The relationship between the creative and the media industries is not working as well as it could. This is partly because media has become divorced from the creative process, having packed its bags and walked out of the full-service agencies.
The reasons for it departure are well rehearsed: clients believed they could only get an unbiased perspective from an independent; large agency buying clout was believed to be better than small; and the complexity of the media landscape required specialists, which in turn required volume. Oh, and the fact that media departments got fed up with only getting three minutes at the end of every agency presentation.
But what was not so well rehearsed was what would happen further down the line.
Media planning and creative work are now often done in splendid isolation, with neither party understanding the bigger picture. The risk of this is that campaigns will become less effective because media may be bought that only pays lip-service to the creative idea. On the other hand, innovative media opportunities could be missed by focusing on the creative work.
If this happens, the result will be that advertising is viewed as less effective, and its budget will be cut.
Agencies have made their divided beds and will have to lie on them for the foreseeable future. What’s needed is a third party to step in and replenish the passion we have lost for the creative use of media. And who better than the media owners who also stand to lose from advertising cuts?
Some of the more enlightened media players are already doing this through the Institute of Practitioners in Advertising, for example with the IPA Creative Media Showcase, where major figures from the agency and media-owner world explain to packed auditoria how to get the most from their medium. But it needs much more than this.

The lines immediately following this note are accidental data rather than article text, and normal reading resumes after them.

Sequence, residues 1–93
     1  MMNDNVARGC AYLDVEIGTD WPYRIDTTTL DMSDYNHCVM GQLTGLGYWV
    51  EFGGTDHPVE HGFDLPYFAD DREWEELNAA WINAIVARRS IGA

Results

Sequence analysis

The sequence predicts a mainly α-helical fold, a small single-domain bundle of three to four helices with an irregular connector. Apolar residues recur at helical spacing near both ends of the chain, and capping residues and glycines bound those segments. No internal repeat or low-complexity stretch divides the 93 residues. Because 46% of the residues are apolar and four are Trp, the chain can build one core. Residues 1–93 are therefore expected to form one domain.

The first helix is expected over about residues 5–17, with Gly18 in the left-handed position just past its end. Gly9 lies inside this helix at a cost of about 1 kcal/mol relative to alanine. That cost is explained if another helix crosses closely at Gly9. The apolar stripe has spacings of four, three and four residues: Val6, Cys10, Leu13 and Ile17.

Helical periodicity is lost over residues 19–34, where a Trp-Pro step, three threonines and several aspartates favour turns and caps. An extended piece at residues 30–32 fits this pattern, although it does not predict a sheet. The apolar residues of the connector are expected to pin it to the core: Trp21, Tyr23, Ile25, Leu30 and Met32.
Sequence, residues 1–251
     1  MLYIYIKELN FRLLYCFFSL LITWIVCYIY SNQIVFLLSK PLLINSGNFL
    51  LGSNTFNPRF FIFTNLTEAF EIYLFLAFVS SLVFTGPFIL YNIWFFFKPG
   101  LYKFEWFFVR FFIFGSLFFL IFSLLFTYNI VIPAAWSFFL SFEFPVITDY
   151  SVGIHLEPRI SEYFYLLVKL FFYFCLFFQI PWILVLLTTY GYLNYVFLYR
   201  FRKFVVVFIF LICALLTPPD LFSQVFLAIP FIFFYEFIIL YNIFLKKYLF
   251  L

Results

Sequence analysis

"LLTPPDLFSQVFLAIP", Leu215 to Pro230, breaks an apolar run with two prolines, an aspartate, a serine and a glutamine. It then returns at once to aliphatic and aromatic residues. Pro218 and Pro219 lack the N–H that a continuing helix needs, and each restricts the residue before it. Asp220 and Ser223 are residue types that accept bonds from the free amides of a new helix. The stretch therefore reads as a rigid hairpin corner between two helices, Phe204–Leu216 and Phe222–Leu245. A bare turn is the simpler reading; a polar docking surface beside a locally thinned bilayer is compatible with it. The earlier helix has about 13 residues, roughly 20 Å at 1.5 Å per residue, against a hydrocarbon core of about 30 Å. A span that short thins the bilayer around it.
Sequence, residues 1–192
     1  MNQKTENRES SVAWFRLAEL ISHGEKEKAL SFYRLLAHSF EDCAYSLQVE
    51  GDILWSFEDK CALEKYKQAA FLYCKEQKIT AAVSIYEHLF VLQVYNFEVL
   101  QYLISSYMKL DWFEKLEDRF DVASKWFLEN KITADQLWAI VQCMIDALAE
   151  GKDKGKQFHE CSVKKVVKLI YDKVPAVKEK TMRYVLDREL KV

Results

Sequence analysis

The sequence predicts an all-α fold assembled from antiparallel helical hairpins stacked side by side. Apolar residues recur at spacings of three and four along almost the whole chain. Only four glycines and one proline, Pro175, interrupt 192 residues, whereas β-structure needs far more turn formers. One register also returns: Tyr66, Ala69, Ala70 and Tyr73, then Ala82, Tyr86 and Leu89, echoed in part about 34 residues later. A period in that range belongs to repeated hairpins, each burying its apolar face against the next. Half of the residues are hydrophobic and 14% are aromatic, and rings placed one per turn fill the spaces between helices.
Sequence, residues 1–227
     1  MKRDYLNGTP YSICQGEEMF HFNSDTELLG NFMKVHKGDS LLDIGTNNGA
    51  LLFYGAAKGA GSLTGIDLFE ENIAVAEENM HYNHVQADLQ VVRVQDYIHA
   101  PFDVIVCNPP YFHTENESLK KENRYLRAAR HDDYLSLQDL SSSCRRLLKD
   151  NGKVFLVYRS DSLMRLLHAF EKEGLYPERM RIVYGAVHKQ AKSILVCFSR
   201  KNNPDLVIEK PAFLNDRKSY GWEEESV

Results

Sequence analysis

Media owners have traditionally had a media sales department that deals with the numbers and the sales negotiations, and another department called client services that talks to the clients about future opportunities.
But forward-thinking media owners should create another department (I recommend a working title of creative media counselling) that explains to those in the communications industry how its medium works, the relationship the editors or station controllers are trying to create with their consumers, what kind of creative treatment best exploits this direction and the exciting new creative opportunities in the medium.
Those of us in the creative agencies miss the media department now it’s gone. We respect what it can bring, we’re sorry and we’ve changed our ways. (And we’re hearing whispers that many in the media agencies would like to return to the fold too, but that right now it’s a bit awkward.)
So, how about it, forward-thinking media owners?
Sven Olsen is managing director of Banks Hoggins O’Shea/FCB